Gospel: Jn 17:20–26:
I pray not only for these. but also for those who through their word will believe in me. May they all be one, as you Father are in me and I am in you. May they be one in us, so that the world may believe that you have sent me. I have given them the glory you have given me, that they may be one as we are one: I in them and you in me. Thus they shall reach perfection in unity; and the world shall know that you have sent me, and that I have loved them, just as you loved me.
Father, since you have given them to me, I want them to be with me where I am, and see the glory you gave me, for you loved me before the foundation of the world. Righteous Father, the world has not known you, but I have known you, and these have known that you have sent me. As I revealed your name to them, so will I continue to reveal it, so that the love with which you loved me may be in them, and I also may be in them.”
Jesus looks beyond those who believe in Him now as well as those who will believe in Him on the strength of the testimony of His present believers. He wishes to share with them what He has enjoyed with the Father. In this prayer, we catch a glimpse of the dynamics of God. The overflow of love within the Trinity is such that they need not hold on to it to be satisfied. They can share it freely since it comes from an inexhaustible supply within the Triune God. And so Jesus wishes to share the very life He has with the Father to His followers. They too will know someday the bliss within the Godhead.
1st Reading: Acts 25:13b–21:
Some days later, king Agrippa, and his sister Bernice, arrived in Caesarea to greet Festus. As they were to stay there several days, Festus told the king about Paul’s case, and said to him. “We have here, a man, whom Felix left as a prisoner. When I was in Jerusalem, the chief priests, and the elders of the Jews, accused him, and asked me to sentence him. I told them, that it is not the custom of the Romans to hand over a man, without giving him an opportunity to defend himself in front of his accusers. So they came, and I took my seat, without delay, on the tribunal, and sent for the man.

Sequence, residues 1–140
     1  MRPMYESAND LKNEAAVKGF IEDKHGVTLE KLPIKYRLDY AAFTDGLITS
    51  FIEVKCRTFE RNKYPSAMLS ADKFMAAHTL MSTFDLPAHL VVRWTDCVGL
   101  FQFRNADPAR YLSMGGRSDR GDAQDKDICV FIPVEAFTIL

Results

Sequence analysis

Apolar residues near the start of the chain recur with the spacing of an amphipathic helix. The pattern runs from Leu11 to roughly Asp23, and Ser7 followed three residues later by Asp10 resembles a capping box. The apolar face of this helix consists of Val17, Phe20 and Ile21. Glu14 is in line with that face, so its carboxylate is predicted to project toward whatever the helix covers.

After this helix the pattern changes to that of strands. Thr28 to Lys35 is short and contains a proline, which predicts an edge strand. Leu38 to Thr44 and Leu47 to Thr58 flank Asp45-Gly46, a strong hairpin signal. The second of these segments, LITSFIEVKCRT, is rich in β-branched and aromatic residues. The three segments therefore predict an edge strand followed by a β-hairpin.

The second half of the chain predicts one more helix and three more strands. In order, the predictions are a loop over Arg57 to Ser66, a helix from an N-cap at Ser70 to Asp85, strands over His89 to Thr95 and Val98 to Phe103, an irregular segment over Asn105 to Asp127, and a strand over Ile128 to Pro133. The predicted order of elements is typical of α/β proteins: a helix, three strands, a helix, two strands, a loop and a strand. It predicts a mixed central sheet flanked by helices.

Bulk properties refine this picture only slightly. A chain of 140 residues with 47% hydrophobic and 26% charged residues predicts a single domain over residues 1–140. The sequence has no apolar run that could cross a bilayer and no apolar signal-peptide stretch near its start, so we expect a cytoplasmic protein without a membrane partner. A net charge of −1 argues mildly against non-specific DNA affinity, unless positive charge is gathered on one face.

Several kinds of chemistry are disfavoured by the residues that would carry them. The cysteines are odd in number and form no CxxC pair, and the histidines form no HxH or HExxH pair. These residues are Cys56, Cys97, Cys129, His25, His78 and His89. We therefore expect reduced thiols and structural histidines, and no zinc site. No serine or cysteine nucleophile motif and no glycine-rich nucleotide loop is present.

When the accusers had the floor, they did not accuse him of any of the crimes that I was led to think he had committed; instead, they quarreled with him, about religion, and about a certain Jesus, who has died, but whom Paul asserted to be alive. I did not know what to do about this case, so I asked Paul if he wanted to go to Jerusalem, to be tried there. But Paul appealed, to be judged by the emperor. So I ordered, that he be kept in custody until I send him to Caesar.”
Gospel: Jn 21:15–19:
After they had finished breakfast, Jesus said to Simon Peter, “Simon, son of John, do you love me more than these do?” He answered, “Yes, Lord, you know that I love you.” And Jesus said, “Feed my lambs.” A second time Jesus said to him, “Simon, son of John, do you love me?” And Peter answered, “Yes, Lord, you know that I love you.” Jesus said to him, “Look after my sheep.” And a third time he said to him, “Simon, son of John, do you love me?”
Peter was saddened because Jesus asked him a third time, “Do you love me?” and he said, “Lord, you know everything; you know that I love you.” Jesus then said, “Feed my sheep! Truly, I say to you, when you were young, you put on your belt and walked where you liked. But when you grow old, you will stretch out your hands, and another will put a belt around you, and lead you where you do not wish to go.” Jesus said this to make known the kind of death by which Peter was to glorify God. And he added, “Follow me!”